What Happened to All the Patients? Event Charts for Summarizing Individual Patient Data and Displaying Clinically Significant Changes in Quality of Life Data

Pamela J. Atherton, Britta Jasperson, Andrea Nibbe, Kate A. Clement-Brown, Cristine Allmer, Paul Novotny, Charles Erlichman, Jeff A Sloan

Research output: Contribution to journalArticle

4 Citations (Scopus)

Abstract

Purpose of Research: Event charts are a novel way of presenting data from pharmaceutical phase I clinical trials. We applied event chart methodology to summarize clinically significant changes in quality of life (QOL) data over time for oncology patients enrolled in North Central Cancer Treatment Group and Mayo Clinic Cancer Center clinical trials. Methods: Recent developments in QOL research have led to a number of definitions for clinically significant changes in oncology QOL measures. Many approaches suggest that on a 0 to 100 point scale, changes of <10 are small, 10 to 20 are moderate, and more than 20 points are large differences in QOL scores. This taxonomy is analogous to the tracking methodology invoked for the monitoring of toxicity data via National Cancer Institute Common Toxicity Criteria guidelines. This categorization was combined with event chart methodology to summarize QOL data over time for patients enrolled in oncology clinical trials. Event charts were compared to both the scatter plot approach and Kaplan-Meier time-to-event graphical representations. Results: The event chart method proved superior to plotting raw scores over time since at-risk individuals were identified with greater facility and censored or missing data were incorporated more readily due to the intent-to-treat nature of this method. Furthermore, event charts identified time points where patients may have experienced potential crises in QOL and where interventions could be employed. Conclusions: The event chart provides an innovative method for summarizing individual patient QOL data over time. This methodology has the potential for use as a tracking device in oncology clinical trials. In this sense, we can record QOL "events" and potentially intervene based upon the observed magnitude of changes in scores.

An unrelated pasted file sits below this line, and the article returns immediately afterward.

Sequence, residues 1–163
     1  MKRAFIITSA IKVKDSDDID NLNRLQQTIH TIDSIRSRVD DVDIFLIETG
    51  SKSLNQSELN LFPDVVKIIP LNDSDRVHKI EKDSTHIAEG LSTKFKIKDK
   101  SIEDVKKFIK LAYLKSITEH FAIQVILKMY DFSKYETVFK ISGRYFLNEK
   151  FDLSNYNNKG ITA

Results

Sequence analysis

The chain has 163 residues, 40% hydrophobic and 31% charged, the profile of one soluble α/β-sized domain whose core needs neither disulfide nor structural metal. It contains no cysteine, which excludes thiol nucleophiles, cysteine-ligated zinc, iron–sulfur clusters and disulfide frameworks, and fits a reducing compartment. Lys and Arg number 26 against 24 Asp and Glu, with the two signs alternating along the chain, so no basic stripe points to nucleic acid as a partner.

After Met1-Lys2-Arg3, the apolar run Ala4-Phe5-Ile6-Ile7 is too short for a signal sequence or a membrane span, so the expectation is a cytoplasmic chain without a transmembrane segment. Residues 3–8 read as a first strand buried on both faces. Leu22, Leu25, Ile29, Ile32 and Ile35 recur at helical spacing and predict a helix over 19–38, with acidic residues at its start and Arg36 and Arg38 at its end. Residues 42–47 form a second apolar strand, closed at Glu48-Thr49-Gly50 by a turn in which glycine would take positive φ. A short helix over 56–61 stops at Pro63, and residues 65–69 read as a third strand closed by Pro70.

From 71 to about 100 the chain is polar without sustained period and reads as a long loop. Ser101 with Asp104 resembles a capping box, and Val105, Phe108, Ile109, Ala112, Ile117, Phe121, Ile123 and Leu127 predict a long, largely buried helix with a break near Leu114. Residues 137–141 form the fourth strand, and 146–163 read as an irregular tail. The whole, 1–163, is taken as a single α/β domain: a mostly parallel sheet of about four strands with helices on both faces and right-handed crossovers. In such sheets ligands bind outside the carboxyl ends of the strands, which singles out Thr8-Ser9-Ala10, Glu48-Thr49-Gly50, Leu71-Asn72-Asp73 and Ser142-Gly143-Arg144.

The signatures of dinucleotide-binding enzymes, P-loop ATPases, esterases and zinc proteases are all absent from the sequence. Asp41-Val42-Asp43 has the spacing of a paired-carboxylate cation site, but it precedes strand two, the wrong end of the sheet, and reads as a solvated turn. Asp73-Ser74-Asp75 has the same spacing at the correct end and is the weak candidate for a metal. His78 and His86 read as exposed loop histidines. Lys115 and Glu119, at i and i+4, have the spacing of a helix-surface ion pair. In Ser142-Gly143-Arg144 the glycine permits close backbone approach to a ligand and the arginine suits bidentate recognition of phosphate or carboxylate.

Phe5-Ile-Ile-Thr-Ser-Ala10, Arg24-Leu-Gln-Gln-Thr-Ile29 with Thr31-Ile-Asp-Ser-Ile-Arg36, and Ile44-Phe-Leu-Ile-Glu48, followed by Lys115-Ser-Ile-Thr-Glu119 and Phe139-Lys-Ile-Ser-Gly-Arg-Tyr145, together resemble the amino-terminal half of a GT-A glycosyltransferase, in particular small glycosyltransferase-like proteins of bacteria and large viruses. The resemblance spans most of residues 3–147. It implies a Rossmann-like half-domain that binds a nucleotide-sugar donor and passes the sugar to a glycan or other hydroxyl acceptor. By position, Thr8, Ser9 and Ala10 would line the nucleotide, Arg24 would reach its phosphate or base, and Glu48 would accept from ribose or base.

Original languageEnglish (US)
Pages (from-to)11-21
Number of pages11
JournalDrug Information Journal
Volume37
Issue number1
StatePublished - 2003

Fingerprint

Oncology
Quality of Life
Toxicity
Clinical Trials
Taxonomies
Clinical Trials, Phase I
National Cancer Institute (U.S.)
Research
Monitoring
Neoplasms
Pharmaceutical Preparations
Guidelines
Equipment and Supplies

Keywords

  • Clinical trials
  • Event chart
  • Oncology
  • Phase 1 studies
  • Quality of life

ASJC Scopus subject areas

  • Health Informatics
  • Public Health, Environmental and Occupational Health
  • Pharmacology
  • Nursing(all)

Cite this

What Happened to All the Patients? Event Charts for Summarizing Individual Patient Data and Displaying Clinically Significant Changes in Quality of Life Data. / Atherton, Pamela J.; Jasperson, Britta; Nibbe, Andrea; Clement-Brown, Kate A.; Allmer, Cristine; Novotny, Paul; Erlichman, Charles; Sloan, Jeff A.

In: Drug Information Journal, Vol. 37, No. 1, 2003, p. 11-21.

Research output: Contribution to journalArticle

Atherton, PJ, Jasperson, B, Nibbe, A, Clement-Brown, KA, Allmer, C, Novotny, P, Erlichman, C & Sloan, JA 2003, 'What Happened to All the Patients? Event Charts for Summarizing Individual Patient Data and Displaying Clinically Significant Changes in Quality of Life Data', Drug Information Journal, vol. 37, no. 1, pp. 11-21.
Atherton, Pamela J. ; Jasperson, Britta ; Nibbe, Andrea ; Clement-Brown, Kate A. ; Allmer, Cristine ; Novotny, Paul ; Erlichman, Charles ; Sloan, Jeff A. / What Happened to All the Patients? Event Charts for Summarizing Individual Patient Data and Displaying Clinically Significant Changes in Quality of Life Data. In: Drug Information Journal. 2003 ; Vol. 37, No. 1. pp. 11-21.
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